Has U.S. Manufacturing Entered the Dog Days?
Growth in U.S. manufacturing output hit a three-month high in June, according to flash estimates of the Markit Manufacturing Purchasing Managers’ Index. The output index increased from 52.7 in May to 53.9 in June, indicating expansion at a faster rate. The overall PMI index edged down slightly from 52.3 in May to 52.2 in June.
Altogether, U.S. manufacturing growth has been weak over the past few months. The average PMI for the second quarter was 52.2, down from 54.9 in the first quarter, and the relatively slow growth could pull down second-quarter GDP growth. Hiring in particular remains weak, and overall employment in the sector has been suppressed. In June, the employment index fell to 50.4, barely remaining in expansion territory.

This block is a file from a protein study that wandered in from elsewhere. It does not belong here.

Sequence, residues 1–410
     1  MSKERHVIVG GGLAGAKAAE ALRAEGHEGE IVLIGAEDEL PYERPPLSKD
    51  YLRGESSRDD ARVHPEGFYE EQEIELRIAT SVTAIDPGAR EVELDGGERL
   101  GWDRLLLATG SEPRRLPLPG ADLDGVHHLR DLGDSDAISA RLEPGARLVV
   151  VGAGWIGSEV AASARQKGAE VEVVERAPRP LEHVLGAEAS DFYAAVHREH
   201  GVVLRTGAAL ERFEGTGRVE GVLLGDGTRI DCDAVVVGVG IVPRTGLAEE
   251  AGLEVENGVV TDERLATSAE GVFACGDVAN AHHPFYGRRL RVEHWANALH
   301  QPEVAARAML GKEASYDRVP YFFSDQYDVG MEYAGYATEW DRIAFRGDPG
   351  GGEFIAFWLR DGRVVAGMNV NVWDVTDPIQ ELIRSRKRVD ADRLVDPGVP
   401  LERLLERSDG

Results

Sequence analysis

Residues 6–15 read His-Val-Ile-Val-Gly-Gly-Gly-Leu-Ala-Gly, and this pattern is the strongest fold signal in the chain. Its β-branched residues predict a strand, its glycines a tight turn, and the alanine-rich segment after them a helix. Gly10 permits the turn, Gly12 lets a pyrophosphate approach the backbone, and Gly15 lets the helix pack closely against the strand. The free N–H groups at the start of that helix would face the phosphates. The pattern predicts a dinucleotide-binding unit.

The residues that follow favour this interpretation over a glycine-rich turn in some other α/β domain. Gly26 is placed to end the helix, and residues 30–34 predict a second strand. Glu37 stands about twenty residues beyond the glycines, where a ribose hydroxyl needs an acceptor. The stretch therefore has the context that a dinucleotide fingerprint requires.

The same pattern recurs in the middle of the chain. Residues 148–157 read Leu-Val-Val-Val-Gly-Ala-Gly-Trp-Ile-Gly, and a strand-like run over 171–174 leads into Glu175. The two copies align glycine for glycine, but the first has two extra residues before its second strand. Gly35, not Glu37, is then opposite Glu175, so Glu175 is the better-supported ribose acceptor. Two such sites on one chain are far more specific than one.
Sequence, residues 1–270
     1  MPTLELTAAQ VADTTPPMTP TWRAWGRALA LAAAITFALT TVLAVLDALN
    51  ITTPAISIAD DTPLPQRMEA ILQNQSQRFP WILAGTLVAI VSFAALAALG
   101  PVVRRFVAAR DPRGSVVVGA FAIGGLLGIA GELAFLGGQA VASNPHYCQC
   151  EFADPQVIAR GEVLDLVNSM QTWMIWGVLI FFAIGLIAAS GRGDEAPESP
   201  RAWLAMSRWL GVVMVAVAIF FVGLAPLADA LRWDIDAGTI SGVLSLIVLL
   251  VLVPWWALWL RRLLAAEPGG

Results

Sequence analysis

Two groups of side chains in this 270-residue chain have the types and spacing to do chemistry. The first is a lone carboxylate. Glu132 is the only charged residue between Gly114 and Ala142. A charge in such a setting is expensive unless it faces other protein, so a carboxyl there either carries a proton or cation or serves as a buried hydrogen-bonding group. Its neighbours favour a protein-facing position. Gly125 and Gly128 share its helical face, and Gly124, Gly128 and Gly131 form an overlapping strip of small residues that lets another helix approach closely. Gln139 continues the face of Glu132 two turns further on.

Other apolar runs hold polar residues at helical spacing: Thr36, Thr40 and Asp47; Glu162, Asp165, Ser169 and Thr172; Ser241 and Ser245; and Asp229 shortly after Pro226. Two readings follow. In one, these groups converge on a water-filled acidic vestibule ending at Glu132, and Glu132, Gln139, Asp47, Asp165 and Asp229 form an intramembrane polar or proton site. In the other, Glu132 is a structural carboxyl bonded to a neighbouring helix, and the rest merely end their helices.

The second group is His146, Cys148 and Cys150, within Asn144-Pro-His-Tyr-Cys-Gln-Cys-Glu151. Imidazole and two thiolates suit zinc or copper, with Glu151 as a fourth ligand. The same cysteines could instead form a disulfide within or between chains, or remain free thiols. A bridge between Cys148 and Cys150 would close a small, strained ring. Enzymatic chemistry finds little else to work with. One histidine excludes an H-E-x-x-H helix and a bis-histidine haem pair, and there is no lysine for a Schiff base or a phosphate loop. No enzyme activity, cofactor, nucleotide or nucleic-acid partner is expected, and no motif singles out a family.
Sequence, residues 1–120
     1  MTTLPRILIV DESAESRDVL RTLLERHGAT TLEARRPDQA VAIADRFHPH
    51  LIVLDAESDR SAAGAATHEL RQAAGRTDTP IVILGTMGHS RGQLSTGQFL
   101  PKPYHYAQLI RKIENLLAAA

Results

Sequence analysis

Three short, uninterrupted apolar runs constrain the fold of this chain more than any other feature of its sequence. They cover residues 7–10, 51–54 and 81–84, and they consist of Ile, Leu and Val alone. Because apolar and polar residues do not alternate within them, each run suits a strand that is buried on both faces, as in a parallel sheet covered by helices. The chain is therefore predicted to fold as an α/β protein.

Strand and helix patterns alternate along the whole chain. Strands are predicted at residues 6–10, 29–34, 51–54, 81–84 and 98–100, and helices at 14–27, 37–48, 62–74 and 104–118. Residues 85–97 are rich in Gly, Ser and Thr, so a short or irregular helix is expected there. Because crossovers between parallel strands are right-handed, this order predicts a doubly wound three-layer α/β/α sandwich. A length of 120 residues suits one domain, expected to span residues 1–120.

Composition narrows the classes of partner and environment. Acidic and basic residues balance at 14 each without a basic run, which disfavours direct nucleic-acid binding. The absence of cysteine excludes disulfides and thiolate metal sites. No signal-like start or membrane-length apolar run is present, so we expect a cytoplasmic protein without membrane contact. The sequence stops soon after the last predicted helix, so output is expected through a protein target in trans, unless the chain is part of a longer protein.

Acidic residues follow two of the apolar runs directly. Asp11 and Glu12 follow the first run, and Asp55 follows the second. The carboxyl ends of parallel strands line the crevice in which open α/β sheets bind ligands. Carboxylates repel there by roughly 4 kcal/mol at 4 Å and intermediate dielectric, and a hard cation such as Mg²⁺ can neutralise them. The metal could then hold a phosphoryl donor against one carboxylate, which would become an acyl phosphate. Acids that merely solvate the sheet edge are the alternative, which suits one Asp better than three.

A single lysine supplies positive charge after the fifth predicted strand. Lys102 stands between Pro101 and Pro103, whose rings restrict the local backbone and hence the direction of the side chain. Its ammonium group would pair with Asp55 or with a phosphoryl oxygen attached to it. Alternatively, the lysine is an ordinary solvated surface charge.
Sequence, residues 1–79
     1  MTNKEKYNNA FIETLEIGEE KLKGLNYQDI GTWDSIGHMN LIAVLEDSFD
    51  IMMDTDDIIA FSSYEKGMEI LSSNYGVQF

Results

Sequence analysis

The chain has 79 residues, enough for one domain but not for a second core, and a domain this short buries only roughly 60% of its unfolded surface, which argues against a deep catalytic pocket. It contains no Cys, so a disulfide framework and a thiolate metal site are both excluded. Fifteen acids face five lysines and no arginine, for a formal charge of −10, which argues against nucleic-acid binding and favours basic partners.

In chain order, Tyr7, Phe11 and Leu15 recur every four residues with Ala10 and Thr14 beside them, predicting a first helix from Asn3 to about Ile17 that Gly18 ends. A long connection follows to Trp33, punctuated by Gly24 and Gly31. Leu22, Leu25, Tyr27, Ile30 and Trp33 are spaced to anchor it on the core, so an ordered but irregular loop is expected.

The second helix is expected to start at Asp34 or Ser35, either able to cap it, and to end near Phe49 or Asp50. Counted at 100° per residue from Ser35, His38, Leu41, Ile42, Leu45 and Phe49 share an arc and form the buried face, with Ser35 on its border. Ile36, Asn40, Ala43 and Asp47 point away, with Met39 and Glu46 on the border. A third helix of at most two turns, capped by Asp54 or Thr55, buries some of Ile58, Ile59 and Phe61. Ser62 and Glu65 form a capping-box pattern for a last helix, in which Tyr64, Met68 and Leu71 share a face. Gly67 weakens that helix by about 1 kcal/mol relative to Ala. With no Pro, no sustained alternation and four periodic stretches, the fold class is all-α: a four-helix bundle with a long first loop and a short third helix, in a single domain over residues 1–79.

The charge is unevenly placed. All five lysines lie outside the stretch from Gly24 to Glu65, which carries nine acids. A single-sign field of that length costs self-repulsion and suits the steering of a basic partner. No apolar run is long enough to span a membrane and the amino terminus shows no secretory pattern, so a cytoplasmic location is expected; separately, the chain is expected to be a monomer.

“Employment is also being held down by the need to boost productivity, especially with intensifying competition from overseas and in export markets, as evidenced by June seeing one of the largest falls in export orders since the height of the global financial crisis in 2009,” commented Chris Williamson, chief economist at Markit.